At the time of this writing at least 15 states—Alabama, Arizona, Arkansas, Georgia, Idaho, Iowa, Mississippi, Missouri, Montana, North Dakota, South Carolina, South Dakota, Tennessee, Utah, and Wyoming—have announced that they will stop participating in the FPUC weekly premium program and other federal pandemic UI programs. At least one senator feels a bit berned by these actions, and wrote a letter to Secretary of Labor Martin Walsh arguing that the CARES Act requires PUA funds to be distributed.
ETS AWOL? While not exactly absent without leave, the Occupational Safety and Health Administration’s (OSHA) long-anticipated COVID-19–specific emergency temporary standard (ETS) is taking a bit longer than anticipated. President Joe Biden essentially ordered OSHA to promulgate an ETS by March 15, 2021, but OSHA didn’t finish its draft until April 26, 2021. Since then, the draft ETS has been at the Office of Information and Regulatory Affairs (OIRA) for review. As part of its review, OIRA is meeting with concerned stakeholders about the potential ETS. Meetings are currently scheduled through May 18, 2021, meaning that it is unlikely (though not impossible) that OIRA will complete its review and release the ETS prior to that date. All told, OIRA is scheduled to meet with nearly 40 stakeholder groups, which is indicative of the intense interest in this issue.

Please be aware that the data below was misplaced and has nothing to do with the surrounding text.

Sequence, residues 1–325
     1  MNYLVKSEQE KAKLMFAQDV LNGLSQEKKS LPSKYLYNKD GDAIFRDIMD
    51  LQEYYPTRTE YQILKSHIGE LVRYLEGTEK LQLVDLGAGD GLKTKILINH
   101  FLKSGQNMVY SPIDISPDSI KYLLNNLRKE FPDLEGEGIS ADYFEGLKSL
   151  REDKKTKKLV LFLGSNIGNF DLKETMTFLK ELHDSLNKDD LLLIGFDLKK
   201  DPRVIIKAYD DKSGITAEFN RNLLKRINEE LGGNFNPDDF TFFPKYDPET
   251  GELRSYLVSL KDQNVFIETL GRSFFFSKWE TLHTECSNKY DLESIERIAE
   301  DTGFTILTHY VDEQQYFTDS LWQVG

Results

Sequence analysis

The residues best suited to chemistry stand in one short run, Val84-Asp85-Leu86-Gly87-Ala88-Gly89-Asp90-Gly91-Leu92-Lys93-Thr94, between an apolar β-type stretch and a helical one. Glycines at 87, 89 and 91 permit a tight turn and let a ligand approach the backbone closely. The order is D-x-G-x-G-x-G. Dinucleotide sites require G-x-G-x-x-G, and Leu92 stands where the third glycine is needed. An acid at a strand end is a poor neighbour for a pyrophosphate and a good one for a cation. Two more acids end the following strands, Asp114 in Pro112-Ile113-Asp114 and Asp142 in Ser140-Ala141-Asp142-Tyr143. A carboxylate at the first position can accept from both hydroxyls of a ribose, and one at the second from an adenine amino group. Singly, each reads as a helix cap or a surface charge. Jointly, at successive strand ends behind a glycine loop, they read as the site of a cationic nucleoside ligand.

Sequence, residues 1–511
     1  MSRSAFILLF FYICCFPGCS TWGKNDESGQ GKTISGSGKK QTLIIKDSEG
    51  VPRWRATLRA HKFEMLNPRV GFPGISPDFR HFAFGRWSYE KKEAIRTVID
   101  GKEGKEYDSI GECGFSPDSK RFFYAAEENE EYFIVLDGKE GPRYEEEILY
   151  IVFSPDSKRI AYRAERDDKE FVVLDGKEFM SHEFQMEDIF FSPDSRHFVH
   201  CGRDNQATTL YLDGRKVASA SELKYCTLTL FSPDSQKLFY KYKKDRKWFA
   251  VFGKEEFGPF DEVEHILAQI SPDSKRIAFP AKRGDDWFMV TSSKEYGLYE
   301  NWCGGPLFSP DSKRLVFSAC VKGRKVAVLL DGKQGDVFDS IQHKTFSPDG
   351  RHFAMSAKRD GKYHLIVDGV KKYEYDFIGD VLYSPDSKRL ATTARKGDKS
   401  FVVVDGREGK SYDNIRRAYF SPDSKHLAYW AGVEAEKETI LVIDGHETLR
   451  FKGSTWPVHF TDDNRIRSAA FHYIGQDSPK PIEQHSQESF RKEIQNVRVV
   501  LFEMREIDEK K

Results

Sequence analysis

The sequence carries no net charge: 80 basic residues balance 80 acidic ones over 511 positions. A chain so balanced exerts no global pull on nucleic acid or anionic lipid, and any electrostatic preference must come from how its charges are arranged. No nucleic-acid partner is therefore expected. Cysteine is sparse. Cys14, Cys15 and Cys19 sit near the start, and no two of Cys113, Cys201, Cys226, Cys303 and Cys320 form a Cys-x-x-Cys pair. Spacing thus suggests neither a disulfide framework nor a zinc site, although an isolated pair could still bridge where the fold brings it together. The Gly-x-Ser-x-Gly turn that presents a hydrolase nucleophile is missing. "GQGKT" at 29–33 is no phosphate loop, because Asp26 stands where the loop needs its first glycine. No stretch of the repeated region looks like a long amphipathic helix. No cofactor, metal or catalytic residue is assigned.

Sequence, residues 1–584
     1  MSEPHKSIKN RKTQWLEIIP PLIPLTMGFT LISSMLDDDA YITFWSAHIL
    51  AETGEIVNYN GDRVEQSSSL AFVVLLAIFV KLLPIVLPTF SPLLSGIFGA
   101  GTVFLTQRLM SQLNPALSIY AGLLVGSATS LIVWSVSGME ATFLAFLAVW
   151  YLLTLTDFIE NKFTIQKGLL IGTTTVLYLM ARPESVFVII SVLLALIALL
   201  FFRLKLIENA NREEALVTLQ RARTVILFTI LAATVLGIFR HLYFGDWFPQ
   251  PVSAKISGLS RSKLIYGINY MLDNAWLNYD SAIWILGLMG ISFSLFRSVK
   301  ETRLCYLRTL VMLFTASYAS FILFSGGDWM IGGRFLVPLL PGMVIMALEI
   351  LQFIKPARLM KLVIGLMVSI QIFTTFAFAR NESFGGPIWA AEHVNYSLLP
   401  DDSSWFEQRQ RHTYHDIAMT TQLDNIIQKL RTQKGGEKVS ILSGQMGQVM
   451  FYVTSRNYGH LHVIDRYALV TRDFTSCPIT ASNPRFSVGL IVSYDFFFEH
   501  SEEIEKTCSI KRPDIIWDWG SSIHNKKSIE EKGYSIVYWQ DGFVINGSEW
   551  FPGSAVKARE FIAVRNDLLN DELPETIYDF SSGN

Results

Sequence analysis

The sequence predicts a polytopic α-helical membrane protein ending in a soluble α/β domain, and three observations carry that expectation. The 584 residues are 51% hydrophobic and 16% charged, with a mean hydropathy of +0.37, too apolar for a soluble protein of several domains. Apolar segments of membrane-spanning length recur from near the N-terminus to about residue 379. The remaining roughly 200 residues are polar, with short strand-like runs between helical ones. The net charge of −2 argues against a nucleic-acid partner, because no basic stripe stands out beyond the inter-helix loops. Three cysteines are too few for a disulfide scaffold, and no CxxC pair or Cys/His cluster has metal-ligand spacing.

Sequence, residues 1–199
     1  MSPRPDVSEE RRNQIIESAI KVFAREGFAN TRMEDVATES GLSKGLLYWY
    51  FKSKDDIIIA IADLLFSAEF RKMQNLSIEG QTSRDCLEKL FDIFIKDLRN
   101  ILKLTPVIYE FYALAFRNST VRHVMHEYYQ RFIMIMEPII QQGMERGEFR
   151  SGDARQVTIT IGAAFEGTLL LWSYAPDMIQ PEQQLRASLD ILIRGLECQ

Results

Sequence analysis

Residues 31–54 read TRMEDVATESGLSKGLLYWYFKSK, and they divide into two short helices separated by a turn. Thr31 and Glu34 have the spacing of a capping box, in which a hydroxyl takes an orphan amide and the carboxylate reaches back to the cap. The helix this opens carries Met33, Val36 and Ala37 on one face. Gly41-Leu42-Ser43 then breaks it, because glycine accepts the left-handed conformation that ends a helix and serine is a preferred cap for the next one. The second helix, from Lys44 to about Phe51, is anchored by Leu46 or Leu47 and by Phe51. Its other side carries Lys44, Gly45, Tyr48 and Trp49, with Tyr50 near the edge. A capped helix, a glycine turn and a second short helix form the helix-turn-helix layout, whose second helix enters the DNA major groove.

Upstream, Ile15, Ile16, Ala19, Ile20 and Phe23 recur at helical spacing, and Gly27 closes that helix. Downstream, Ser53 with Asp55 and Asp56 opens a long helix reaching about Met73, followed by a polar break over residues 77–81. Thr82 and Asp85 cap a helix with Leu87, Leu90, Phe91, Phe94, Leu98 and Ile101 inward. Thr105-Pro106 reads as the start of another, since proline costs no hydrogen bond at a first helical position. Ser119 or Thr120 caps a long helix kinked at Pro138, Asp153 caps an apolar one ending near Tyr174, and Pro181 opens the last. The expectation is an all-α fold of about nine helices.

Pregnancy Accommodation Bill Passes House. On May 14, 2021, the U.S. House of Representatives passed the Pregnant Workers Fairness Act (H.R. 1065) by a vote of 315–101, with 99 Republicans joining their Democratic colleagues. The bill, which the Buzz has been tracking for some time, would require employers to provide pregnant workers with reasonable accommodations, such as extra bathroom breaks. With the bipartisan House vote and backing of members of the business community, the bill has a decent chance of passing the U.S. Senate and landing on President Biden’s desk.
DOL Finalizes Prevailing Wage Rule Delay. On May 13, 2021, the DOL’s Employment and Training Administration officially delayed until November 14, 2022, the effective date of a final rule that will increase the prevailing wages that must be paid to H-1B, H-1B1, or E-3 nonimmigrant visa holders, as well as many employment-based green card applicants. Implementation of the new rule will begin on January 1, 2023. The rule was finalized in the waning days of the Trump administration after a previous rulemaking effort was struck down by multiple federal courts for failure to follow Administrative Procedure Act notice and comment protocols.